Talking about Social Skills through Books
Chatto, Helen, Practically Primary
As the principal of a rural school, 40 km from Darwin and the lover of books and stories, I take opportunities to read to students whenever I can. I read at school assemblies, I read to classes, over the PA and to individual or small groups for enjoyment and as part of our behaviour management process.
Books are used to assist in the development of social skills and to reinforce our school values. When reading to the whole school or classes I will model reading strategies with hand signals so the audience give a signal such as hand on heart when they make a self to text connection. This is pretty cool when reading to 370 kids and still feeling they are personally involved. It also gives me an opportunity to model good practice to parents and teachers in the audience.
Some of the texts I have used recently are:
My Mouth is a Volcano by Julia Cook
This is a great story to help children who interrupt or call out a lot to think about how their behaviour affects others. In the book the child is advised to 'take the important words and push them into your teeth by your tongue, bite down hard and don't let them out. Then when it is your turn to talk, take a deep breath and breathe them back in your mouth.'
I read this one to the whole school knowing that after assembly I needed to speak to a group of girls who had been very unkind to each other. It set the scene perfectly for them to consider how their words had caused hurt and the sincere apologies came quickly.
Stand Tall, Molly Lou Melon by Patty Lovell
Molly stood just taller than her dog, had buck teeth, a voice like a bullfrog being squeezed by a boa constrictor but her grandma told her to stand tall. When she goes to a new school and is bullied, she confidently shows her talents and soon becomes friends with the bully proving grandma right.
This is a great book to focus on resilience and how our reactions affect the behaviour of others. Our year 2/3/4 children have loved getting to know Molly Lou, they have enacted role plays and engaged in writer's craft using the text. This gave them the chance to think about characteristics that they may be teased about. They have then considered how they can reply showing they can stand tall and be proud of who they are.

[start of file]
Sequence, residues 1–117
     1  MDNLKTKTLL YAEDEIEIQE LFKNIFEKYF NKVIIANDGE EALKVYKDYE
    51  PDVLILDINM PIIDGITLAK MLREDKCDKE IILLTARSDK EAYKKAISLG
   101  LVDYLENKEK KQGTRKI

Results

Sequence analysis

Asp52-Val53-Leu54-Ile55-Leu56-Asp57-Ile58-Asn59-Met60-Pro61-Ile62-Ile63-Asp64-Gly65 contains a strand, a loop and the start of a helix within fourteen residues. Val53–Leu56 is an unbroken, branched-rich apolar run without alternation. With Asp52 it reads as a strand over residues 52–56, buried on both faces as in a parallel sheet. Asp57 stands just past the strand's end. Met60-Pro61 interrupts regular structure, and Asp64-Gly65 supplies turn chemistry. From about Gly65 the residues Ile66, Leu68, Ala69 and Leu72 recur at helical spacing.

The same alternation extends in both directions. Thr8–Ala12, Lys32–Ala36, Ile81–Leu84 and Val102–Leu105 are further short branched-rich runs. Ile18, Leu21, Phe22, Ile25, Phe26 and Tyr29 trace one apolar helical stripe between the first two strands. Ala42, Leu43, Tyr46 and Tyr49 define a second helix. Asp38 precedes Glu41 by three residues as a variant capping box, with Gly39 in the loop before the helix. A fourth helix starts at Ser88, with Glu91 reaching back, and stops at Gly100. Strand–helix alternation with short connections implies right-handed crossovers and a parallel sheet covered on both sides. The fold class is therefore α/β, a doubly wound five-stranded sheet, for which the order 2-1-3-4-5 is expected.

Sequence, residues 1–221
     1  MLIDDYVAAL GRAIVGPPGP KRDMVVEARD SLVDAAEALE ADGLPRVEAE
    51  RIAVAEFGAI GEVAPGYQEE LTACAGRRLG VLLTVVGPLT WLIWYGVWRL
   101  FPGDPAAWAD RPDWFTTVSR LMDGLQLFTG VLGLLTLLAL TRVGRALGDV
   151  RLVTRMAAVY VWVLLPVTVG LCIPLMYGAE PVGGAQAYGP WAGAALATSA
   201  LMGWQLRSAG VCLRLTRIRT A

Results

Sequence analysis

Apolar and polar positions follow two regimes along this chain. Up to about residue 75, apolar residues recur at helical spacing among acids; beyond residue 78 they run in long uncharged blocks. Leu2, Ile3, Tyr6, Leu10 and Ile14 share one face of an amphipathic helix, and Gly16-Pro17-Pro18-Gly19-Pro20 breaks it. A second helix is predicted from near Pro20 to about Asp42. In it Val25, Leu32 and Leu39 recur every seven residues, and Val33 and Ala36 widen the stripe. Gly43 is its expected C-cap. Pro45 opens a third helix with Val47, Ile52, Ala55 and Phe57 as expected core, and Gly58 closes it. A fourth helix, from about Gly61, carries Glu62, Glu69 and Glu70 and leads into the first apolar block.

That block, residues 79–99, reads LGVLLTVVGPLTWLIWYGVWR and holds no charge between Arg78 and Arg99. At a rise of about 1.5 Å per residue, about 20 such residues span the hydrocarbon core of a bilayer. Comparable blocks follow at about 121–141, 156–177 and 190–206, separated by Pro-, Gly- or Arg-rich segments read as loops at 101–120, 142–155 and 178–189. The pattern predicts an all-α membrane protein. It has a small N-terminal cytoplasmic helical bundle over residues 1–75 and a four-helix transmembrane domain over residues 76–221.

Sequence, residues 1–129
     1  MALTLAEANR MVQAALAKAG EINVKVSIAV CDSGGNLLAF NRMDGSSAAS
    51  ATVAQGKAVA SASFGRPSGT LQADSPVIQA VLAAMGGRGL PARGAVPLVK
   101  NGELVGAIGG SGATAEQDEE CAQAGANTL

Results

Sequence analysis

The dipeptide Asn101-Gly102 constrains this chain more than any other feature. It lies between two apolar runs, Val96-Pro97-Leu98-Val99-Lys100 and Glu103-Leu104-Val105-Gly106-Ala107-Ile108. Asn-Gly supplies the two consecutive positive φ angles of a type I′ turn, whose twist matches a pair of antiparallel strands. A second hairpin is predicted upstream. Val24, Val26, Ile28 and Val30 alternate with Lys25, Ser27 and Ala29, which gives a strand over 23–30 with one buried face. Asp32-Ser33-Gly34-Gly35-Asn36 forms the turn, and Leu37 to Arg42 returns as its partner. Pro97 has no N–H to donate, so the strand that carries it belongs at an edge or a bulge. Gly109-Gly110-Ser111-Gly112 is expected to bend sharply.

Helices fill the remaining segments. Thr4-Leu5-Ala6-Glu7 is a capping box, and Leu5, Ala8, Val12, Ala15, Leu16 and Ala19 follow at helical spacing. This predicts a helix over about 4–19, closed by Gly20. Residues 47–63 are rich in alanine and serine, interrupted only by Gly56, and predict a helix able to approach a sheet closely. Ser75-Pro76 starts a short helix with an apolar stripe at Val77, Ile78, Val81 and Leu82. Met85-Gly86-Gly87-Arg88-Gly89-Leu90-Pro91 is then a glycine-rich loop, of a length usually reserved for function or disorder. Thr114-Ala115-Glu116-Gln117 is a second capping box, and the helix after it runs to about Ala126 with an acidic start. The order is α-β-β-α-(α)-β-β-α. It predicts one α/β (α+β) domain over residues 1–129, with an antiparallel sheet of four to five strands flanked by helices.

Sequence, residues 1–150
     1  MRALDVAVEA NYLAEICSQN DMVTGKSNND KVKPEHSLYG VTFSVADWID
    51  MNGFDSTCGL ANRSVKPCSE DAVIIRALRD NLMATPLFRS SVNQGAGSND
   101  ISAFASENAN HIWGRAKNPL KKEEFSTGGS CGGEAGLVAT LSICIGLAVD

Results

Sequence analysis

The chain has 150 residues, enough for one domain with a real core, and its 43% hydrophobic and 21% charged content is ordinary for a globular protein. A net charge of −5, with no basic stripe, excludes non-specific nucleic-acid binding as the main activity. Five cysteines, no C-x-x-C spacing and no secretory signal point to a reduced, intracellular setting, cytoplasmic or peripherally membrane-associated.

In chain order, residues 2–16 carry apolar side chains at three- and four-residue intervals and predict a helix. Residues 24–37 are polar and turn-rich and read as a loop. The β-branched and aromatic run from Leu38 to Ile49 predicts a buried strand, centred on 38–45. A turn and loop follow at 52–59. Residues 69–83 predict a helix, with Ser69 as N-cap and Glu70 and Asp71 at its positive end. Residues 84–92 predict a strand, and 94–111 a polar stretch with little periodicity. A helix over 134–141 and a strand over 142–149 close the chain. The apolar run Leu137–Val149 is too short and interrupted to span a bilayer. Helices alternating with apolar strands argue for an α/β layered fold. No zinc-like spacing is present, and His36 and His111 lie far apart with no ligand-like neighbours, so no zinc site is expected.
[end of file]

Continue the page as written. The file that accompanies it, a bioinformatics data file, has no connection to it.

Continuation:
Say Something by Peggy Moss
In this story a young girl notices other people being bullied or teased but does nothing until the bullies give her a hard time and she gets angry that no-one supports her. This leads her to the realisation that doing nothing contributes to the bullying. She then takes action when she notices someone sitting alone.
Children can think about teasing being uncool and the fact that they contribute to setting the tone of the school by their responses to situations.
Just Kidding by Trudy Ludwig
This book is great for talking about teasing that is ok and part of normal relationships and unkind teasing that leaves someone feeling very upset and belittled. As we read it I ask students to think about how it feels when teasing makes us feel sad or threatened and what we can do so the bully does not get power from our reactions.
If Everybody Did by Jo Ann Stover
This book has comic style drawings with minimal text showing very funny drawings showing what would happen if everybody did silly things.
I use this book to help children understand why we have to conform to rules at school to keep everyone safe and happy. …